You might be forgiven for assuming that traditional food in Vietnam would be a variant of the typical Asian fare that you might know of and love. You might not, however, have realised that there is a very definate French connection!
In what looks like a hybrid between a richly-decorated travel book and a picture-rich cookery book, the author takes the reader to Vietnam to discover just how much of an influence French cuisine has in the country. For the avoidance of doubt this is not a faux-innovative fusion type of book, looking at combining the traditional food cultures of two disparate nations, but a gastronomic, historic, cultural, present-day consideration of something that not many people possibly know.
The author noted during many visits to the country that the deeper you look into things, one realises just how integrated French culture overall is in Vietnam. Whether it is the stereotypical wearing of French-speaking people wearing berets or the rich aromas of coffee and butter from cafés and patisseries, French-ness is not a stranger or cultural imposition. A natural cuisine fusion has occurred and not many people thought anything of it!
As part of the author's own 'cultural journey' he spoke to people from all classes of society: chefs, bakers, high society and ordinary people alike and through this has gathered a tremendous cache of recipes and over 100 of these are presented as part of this culinary travelogue. The recipes are stated with their original Vietnamese name and are accompanied by a free English translation to assist those whose grasp of Vietnamese is not entirely up to scratch.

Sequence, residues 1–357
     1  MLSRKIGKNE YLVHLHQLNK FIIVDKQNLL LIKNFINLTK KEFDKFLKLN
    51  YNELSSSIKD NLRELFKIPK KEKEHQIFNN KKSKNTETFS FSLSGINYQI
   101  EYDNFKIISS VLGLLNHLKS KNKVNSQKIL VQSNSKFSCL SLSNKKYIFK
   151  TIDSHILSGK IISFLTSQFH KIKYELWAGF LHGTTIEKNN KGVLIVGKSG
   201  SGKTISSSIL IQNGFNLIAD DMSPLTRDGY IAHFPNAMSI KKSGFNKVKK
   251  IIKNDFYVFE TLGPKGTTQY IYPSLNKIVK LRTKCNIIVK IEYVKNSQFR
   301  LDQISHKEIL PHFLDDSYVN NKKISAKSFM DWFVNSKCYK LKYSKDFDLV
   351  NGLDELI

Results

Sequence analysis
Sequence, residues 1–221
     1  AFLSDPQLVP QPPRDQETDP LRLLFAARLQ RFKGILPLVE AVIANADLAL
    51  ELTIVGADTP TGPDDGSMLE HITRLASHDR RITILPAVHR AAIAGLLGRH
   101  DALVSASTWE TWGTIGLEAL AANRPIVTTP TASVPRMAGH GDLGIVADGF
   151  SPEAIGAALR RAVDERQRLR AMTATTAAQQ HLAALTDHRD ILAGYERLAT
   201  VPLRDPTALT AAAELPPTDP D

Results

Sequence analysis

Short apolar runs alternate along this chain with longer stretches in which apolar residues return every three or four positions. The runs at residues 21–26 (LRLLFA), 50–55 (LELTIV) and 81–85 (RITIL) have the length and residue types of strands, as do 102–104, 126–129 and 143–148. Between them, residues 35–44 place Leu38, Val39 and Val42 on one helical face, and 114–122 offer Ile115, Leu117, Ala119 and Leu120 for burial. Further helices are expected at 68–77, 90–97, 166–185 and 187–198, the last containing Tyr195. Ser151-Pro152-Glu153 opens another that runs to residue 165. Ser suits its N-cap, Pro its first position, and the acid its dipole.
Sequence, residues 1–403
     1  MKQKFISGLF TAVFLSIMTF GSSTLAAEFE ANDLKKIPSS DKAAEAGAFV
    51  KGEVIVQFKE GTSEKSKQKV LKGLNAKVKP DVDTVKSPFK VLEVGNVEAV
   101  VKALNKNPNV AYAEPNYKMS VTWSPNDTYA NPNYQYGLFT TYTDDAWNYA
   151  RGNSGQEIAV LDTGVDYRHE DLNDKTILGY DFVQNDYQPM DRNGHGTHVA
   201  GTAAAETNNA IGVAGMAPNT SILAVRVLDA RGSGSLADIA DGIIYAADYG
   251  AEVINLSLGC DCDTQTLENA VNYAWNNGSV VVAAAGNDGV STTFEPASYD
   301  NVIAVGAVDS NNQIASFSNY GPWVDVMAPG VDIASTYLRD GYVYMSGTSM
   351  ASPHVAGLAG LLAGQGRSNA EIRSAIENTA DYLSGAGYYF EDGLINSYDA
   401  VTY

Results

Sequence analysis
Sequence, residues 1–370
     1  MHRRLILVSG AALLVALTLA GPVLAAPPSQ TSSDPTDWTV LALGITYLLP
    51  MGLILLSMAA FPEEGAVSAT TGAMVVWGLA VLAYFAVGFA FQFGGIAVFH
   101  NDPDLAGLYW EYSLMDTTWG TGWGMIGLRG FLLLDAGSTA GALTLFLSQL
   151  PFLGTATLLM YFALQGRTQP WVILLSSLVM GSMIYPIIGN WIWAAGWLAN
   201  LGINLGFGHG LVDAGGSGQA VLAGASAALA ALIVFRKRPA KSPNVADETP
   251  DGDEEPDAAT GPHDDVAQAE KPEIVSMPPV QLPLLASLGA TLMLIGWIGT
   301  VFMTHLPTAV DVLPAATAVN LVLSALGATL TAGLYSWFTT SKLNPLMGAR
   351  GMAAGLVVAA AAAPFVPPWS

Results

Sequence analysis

When you look at the varied range of recipes you can see they are relatively easy to follow, despite many of them being particularly unfamiliar or involved, so they should not be beyond the reach of the talented, enthusiastic cook to reproduce at home. These recipes should not, at first, be rushed even if many of them are quite simple to make as you should really envelop and try to experience the entire theme or feeling that accompanies them. Of course, should you enjoy the dish, subsequent attempts might become more "workmanlike" in their execution, although at that stage you are making food rather than necessarily experiencing a journey.
This book is truly a work of love. A joy to behold. Even if you are not particularly enamoured by French or Vietnamese/Asian food. Maybe after reading it though you might have changed your opinion. To the gastronome this can be a form of nirvana. To the traveller it can get you looking for your passport. For the travelling gastronome it could be dangerous.
Indochine is a stylish, design-rich book that sets the standard for this type of work on all possible levels. This is not a book to rush through, neither is it something you dive into when you need to get the family meal ready in a short time. Treat the book with respect, consider it carefully and reverently and you will get A LOT back in return.
C'est magnifique! Nó là tuyệt vời. Maybe you should have this at home!